Released: July 21, 1993

An important addition to the growing number of diaries, memoirs, and other primary source materials on the Civil War made accessible to the nonspecialist reader. Sears (To the Gates of Richmond, 1992, etc.) has skillfully edited 19 pocket diaries that the ``good soldier Haydon,'' a 27- year-old lawyer from Decatur, Michigan, painstakingly wrote, transcribed, and sent home to his father from 1861 to 1864. Haydon was a college graduate who read The Atlantic and quoted scraps of poetry to combat the boredom of army life, but the real value of his daybooks is historical and emotional rather than literary. Rising from sergeant to lieutenant colonel, Haydon saw action at or on the edges of both Bull Run battles and at Fredericksburg, more seriously during the ``Seven Days'' on the Peninsula. In 1863, he joined Grant at Vicksburg and was badly wounded leading an assault at Jackson, Mississippi. Unless you're a memoir-gourmet, Haydon's diaries aren't easy reading: Descriptions of the weather and of the awful, inadequate food become repetitious. Nonetheless, there's scarcely a day's entry that doesn't contain some stirring observation or moving reflection, all conveying a genuine mid- Victorian sensibility preserved amid unparalleled carnage. Haydon was obsessed with doing his duty, not only for the Union but in order to be seen as dutiful. (At one point, he writes that there's so much false illness that ``good soldiers sometimes suffer much pain and inconvenience rather than incur the suspicion of shirking duty.'') Readers who would otherwise wonder at troops like those who pinned their names to their coats for the purpose of identifying their corpses as they prepared to run into the cannon's mouth at Cold Harbor will here receive the authentic feel of the era's moral imperative. Survivor of many battles but weakened by his wounds, Haydon died of pneumonia in 1864, while on furlough. In this book of his own making, aided by Sears's introduction and deft chapter transitions, he at last receives his true memorial. Read full book review >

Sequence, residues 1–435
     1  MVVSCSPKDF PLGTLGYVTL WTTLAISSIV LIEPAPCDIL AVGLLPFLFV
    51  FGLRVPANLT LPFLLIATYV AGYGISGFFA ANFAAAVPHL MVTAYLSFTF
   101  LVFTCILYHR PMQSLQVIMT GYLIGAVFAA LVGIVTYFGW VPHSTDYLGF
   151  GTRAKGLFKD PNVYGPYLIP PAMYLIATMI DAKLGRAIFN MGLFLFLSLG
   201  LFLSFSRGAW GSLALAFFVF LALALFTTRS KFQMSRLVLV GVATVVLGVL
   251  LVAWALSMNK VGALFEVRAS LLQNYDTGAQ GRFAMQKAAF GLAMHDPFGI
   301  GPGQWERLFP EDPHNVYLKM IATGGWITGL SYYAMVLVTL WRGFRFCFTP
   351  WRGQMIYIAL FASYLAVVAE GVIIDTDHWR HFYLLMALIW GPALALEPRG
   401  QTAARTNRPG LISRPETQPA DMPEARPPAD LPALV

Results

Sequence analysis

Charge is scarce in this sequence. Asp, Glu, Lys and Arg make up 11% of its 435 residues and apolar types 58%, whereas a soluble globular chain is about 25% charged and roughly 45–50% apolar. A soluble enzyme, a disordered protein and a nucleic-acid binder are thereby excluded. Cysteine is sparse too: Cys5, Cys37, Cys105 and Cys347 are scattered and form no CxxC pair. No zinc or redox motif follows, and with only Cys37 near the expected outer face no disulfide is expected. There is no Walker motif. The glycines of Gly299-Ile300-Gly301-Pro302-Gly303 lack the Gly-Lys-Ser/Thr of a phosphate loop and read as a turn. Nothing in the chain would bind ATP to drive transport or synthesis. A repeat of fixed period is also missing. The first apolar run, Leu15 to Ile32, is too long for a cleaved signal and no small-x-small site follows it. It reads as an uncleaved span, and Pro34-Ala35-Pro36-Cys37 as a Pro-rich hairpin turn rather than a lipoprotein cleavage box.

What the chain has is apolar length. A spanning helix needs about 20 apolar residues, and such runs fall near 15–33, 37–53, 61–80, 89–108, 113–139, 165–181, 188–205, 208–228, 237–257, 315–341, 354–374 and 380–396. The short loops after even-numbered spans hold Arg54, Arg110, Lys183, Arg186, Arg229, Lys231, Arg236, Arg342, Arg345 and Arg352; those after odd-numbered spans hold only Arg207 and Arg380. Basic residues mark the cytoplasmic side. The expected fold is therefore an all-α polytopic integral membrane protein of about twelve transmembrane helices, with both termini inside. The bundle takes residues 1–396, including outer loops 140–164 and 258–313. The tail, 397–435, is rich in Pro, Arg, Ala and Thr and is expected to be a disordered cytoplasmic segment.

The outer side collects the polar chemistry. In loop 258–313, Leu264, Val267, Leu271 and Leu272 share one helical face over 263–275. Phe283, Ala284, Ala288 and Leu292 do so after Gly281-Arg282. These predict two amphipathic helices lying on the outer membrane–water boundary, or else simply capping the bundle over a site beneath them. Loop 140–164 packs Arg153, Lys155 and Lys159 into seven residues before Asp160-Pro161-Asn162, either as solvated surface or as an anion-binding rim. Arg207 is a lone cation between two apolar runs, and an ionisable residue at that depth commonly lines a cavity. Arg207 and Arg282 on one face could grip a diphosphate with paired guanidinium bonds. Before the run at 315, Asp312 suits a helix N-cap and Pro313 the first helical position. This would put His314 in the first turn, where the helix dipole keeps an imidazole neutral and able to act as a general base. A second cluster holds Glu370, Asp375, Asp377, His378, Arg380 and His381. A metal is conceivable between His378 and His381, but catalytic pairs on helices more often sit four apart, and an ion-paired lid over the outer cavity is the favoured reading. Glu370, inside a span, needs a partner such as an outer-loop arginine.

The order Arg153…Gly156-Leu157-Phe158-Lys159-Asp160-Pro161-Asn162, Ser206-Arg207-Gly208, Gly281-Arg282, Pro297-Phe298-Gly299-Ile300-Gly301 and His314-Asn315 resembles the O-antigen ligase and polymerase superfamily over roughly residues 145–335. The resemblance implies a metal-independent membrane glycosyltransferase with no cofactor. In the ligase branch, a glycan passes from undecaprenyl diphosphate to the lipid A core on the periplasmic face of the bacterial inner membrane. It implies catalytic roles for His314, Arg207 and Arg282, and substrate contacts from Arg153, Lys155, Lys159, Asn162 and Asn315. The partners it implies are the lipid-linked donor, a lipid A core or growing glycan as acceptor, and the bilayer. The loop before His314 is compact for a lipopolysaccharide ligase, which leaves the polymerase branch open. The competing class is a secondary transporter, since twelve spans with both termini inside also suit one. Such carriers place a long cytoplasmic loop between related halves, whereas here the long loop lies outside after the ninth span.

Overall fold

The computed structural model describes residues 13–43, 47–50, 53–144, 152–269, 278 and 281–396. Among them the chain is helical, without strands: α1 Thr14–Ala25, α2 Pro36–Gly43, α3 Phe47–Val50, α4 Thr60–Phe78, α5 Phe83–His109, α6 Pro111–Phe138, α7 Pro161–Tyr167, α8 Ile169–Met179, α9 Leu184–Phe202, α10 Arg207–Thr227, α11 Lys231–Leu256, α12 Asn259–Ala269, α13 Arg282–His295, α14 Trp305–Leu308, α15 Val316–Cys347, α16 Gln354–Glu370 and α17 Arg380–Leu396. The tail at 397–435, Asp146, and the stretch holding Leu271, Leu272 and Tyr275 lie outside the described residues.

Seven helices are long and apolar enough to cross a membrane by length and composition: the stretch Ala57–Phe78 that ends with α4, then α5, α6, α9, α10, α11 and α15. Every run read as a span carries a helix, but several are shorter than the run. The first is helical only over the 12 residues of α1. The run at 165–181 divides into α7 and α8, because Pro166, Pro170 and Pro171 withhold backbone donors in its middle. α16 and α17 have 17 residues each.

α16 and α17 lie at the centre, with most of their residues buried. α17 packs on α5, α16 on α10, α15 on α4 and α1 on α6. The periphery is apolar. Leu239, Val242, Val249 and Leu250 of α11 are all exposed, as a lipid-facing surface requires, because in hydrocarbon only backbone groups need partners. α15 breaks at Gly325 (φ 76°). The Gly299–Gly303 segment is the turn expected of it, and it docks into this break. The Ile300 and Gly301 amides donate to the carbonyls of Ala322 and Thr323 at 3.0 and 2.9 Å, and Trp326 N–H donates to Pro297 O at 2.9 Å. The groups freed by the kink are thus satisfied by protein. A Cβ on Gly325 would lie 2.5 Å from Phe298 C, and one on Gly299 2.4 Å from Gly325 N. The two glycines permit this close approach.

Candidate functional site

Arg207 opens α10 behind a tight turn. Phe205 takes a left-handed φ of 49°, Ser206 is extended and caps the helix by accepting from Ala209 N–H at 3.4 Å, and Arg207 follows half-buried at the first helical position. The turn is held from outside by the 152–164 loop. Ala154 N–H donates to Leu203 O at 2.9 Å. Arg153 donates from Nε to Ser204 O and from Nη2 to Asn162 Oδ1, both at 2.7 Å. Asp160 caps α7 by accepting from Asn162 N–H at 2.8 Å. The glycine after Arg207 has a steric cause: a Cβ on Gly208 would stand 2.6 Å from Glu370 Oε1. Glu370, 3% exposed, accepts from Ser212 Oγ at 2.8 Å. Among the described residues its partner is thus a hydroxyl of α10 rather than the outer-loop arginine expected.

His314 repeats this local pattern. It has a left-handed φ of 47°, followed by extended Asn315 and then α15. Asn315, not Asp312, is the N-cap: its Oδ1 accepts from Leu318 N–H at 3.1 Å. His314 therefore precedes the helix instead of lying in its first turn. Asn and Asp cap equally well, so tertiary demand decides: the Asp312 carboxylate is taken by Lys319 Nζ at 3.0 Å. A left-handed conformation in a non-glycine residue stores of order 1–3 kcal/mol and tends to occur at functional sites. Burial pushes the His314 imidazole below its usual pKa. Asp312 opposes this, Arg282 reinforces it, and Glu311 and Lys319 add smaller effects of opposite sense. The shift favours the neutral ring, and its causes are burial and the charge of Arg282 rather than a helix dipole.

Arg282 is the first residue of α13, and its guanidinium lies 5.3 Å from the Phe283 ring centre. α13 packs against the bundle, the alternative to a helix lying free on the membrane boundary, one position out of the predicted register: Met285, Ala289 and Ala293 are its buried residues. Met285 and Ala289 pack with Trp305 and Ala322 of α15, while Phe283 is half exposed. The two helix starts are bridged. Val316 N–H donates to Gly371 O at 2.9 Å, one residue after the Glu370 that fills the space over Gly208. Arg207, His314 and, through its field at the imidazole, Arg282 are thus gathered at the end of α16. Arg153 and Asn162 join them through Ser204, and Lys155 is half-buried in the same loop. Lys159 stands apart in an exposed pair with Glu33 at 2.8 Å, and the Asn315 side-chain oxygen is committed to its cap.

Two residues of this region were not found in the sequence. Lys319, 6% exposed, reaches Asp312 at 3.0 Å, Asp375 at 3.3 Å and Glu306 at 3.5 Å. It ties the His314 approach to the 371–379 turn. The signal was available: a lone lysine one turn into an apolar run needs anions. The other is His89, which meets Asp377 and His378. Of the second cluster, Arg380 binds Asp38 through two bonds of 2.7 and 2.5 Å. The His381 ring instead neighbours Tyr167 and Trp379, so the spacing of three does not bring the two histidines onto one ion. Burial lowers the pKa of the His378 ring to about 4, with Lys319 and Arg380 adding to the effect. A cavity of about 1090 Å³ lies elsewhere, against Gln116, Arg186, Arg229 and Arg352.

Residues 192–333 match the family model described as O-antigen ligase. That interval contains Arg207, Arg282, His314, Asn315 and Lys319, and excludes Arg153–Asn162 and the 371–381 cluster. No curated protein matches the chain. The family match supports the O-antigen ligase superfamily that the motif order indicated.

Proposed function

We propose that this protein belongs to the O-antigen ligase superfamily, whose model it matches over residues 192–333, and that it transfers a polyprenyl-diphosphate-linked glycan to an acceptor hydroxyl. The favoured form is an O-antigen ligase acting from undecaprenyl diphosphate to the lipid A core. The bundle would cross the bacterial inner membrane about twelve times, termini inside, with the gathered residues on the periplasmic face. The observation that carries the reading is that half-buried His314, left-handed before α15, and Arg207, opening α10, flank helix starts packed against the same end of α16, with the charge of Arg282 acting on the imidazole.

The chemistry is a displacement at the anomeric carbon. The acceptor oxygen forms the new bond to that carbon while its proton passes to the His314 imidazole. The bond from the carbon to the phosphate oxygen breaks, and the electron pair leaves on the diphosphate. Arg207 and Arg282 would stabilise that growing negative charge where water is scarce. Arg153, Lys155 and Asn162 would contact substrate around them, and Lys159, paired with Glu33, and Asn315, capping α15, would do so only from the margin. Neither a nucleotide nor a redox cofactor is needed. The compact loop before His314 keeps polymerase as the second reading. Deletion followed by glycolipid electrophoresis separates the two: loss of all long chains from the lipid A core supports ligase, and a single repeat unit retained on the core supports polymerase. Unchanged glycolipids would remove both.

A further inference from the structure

Released: Sept. 8, 1992

In George B. McClellan (1988) and his work editing the papers of the Union general, Sears established himself as the critical but indispensable authority on flawed ``Little Mac.'' Now, in a stirring prequel to Landscape Turned Red (1983), his superb account of the Battle of Antietam, the author reaffirms his mastery of historical narrative. In March 1862, the egotistical but timorous McClellan was prodded by Lincoln into finally launching the first major offensive by the Army of the Potomac. Instead of marching directly overland from Washington, McClellan used Federal sea power to advance on Richmond by way of the peninsula between the York and James Rivers. The ``Grand Campaign,'' however, soon belied its creator's Napoleonic pretensions by becoming a three-and-a-half-month nightmare of feints and pitched battles, ultimately engaging up to a combined quarter-million men on both sides and leaving one of every four men dead, wounded, or missing. Using hundreds of eyewitness accounts, Sears demonstrates how the most creative use of military technology (ironclad warships, 200-pounder rifled cannon, battlefield telegraph, and aerial reconnaissance) existed side by side with the most appalling mismanagement (Stonewall Jackson's uncharacteristic lethargy; McClellan's mistaken belief that the numerically inferior rebels possessed a two-to-one manpower advantage; out-of-sync attacks by both Confederate and Union generals). Above all, though, Sears casts the campaign as a clash of wits and wills between McClellan—whom he accuses of losing ``the courage to command''—and Robert E. Lee—who, upon succeeding the wounded Joseph E. Johnson as head of the Army of Northern Virginia, seized the initiative, repulsed the assault in the series of ``Seven Days'' battles, and began his long journey into legend. An authoritative, ironic, and stirring addition to Civil War annals. (Two 16-page b&w photo inserts.) Read full book review >